Don Carney is a private from New Jersey. He mistakenly thinks of himself as a crooner and irritates his bunkmates with his singing. Eugene, the narrator of the play, believes that Carney's most noteworthy trait is his indecisiveness. Because of this, Eugene does not entirely trust him.
Arnold Epstein is a Jew from New York. He has a sensitive mind and an equally sensitive stomach. He is well read and intelligent. He feels he does not belong in the army, and he refuses to allow his spirit to be broken by Sergeant Toomey. Instead, Arnold rebels; for example, he refuses to eat food from the mess hall even though it means days of latrine duty. He shows himself to be responsible to a higher moral calling by taking the blame for the theft of Wykowski's money so that the other soldiers can go on leave. Eugene admires Arnold's steadfastness and his pursuit of truth and justice. Of all the soldiers, Arnold is able to keep calm, despite the problems presented by camp life and his fellow recruits.
Eugene Morris Jerome
Eugene is the narrator of the play. He is from Brooklyn, New York, and his army experience represents his first time away from home. He is Jewish. He has three goals for the war: he wants to become a writer, not get killed, and lose his virginity. All his actions during training are focused on the achievement of these goals. As part of becoming a writer, Eugene keeps a journal in which he records his thoughts. This habit suggests that Eugene is more interested in observing what goes on around him than in participating in it. Eugene recognizes this fact; for example, he chastises himself for not standing up for Arnold when Wykowski harasses him for being Jewish. Eugene's eventual army assignment—as a journalist for an army publication—also reinforces the way that Eugene interacts with the world—writing about it instead of being someone who makes things happen.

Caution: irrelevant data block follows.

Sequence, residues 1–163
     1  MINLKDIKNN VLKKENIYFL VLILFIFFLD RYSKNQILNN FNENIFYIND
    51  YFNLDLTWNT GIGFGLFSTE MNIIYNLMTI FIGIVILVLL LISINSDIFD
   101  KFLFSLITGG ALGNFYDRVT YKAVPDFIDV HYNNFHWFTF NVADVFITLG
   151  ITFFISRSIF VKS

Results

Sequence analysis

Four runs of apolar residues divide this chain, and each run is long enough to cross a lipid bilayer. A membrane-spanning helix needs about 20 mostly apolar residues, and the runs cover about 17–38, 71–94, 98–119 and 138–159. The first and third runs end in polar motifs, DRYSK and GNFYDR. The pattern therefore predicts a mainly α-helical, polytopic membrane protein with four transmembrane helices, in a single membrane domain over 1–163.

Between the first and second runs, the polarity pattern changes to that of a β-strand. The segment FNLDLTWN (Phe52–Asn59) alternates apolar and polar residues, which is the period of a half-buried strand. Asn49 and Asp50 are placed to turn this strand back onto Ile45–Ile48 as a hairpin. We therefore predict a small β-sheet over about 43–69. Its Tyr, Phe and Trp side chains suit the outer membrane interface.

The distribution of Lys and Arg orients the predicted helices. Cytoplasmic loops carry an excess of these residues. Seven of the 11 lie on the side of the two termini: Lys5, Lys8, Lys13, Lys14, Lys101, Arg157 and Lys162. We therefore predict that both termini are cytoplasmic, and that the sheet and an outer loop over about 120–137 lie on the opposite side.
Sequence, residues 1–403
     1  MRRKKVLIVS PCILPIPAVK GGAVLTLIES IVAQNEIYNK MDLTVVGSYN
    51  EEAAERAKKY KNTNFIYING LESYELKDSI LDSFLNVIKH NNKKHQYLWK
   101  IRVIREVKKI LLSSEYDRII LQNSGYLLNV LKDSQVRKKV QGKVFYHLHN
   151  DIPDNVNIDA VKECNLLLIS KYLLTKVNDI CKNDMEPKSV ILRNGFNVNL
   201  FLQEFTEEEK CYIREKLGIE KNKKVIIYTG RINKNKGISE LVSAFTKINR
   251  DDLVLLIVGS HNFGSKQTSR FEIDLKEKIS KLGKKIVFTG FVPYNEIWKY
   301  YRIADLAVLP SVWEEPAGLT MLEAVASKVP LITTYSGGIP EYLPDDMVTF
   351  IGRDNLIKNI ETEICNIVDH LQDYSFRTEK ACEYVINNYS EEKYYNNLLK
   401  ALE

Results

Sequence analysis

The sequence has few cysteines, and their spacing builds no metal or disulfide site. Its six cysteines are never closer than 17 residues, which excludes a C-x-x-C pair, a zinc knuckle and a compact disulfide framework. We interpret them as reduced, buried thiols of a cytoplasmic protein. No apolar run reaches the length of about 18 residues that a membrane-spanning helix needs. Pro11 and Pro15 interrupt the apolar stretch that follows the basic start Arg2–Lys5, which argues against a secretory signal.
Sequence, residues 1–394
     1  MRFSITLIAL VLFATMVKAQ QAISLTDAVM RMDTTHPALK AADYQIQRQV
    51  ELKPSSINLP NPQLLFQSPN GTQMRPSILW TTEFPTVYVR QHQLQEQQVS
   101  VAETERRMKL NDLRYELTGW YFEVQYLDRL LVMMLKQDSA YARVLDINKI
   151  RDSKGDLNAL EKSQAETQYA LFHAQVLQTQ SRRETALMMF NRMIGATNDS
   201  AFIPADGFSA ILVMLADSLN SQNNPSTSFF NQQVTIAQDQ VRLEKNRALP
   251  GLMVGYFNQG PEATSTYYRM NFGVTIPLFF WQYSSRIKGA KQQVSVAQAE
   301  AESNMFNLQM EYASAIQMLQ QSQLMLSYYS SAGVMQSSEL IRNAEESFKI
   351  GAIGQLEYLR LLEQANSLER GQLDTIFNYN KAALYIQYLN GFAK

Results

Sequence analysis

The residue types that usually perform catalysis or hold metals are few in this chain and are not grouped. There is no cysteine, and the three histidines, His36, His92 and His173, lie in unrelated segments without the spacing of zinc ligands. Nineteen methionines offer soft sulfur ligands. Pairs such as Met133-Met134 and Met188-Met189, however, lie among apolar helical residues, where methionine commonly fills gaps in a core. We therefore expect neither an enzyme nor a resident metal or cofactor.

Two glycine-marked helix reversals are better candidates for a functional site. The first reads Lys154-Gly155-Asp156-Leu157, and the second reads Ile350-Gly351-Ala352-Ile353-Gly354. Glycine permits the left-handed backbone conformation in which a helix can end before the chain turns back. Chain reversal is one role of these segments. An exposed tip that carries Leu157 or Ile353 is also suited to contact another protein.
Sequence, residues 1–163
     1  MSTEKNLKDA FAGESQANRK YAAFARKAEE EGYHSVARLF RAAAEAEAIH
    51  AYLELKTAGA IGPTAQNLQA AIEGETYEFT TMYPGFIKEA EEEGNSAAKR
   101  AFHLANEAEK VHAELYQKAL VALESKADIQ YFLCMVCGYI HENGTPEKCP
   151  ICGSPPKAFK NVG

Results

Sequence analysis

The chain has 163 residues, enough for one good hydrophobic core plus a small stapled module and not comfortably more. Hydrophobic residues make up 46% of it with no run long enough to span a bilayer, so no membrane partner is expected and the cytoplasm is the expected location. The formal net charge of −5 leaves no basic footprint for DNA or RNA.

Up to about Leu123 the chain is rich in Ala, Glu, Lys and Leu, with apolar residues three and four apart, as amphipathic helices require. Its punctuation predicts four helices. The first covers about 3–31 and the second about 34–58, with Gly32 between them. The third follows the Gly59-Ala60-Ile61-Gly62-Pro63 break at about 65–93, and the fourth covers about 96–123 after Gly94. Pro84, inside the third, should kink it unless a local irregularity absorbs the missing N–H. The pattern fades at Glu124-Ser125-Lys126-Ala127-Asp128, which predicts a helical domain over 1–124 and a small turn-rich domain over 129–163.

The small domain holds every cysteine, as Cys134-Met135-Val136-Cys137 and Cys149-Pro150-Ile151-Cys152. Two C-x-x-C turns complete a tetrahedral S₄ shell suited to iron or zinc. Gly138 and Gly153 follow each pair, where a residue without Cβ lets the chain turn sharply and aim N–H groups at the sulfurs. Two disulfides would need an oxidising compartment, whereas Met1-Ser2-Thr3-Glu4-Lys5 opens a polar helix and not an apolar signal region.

See Joseph Wykowski.
Rowena is the prostitute to whom Eugene loses his virginity. She gives Eugene a "freebie,’’ and he is greatly disappointed when he returns, and she does not even remember him.
Roy Selridge is a private from New York who demonstrates little unique personality. Instead, he follows Wykowski's lead.
Eugene meets Daisy at a USO dance. She attends a local Catholic school. They only meet again twice, yet they declare their love for one another right before Eugene ships out. They never see each other again, but Eugene learns that Daisy ends up marrying a Jew.
James Hennesey is a private in the platoon. He forces Wykowski to reveal his prejudice by claiming to be part African-American. At the end of the play, Hennesey's participation in a homosexual act is revealed. He is sent to prison for three months, after which he will be given a dishonorable discharge.
Sergeant Merwin J. Toomey
Sergeant Toomey is the company's sadistic leader. He often hands out grueling and unpleasant punishments for mild infractions. He constantly tests the soldiers and tries to teach them hard lessons; in one instance he steals Wykowski's money. Toomey dislikes Arnold's questioning the army's authority and his refusal to follow orders. Toomey's most important goals are to break Arnold's spirit and to make a real soldier of him. Toomey is relieved of his duties before the ten-week training is up and sent to a veteran's hospital.
Joseph Wykowski (also called Kowski) is a private from Connecticut. Wykowski is a belligerent loudmouth who is prone to arguing, fighting, and bragging. Because he is the most aggressive of the privates, he becomes the company's unofficial spokesperson. However, he does not represent all the men, for he is prejudiced, casting aspersions on Jews—including his bunkmates—as well as African-Americans. Wykowski is a bully and a ringleader; for example, he is the man who encourages the reading of Eugene's diary despite objections from others.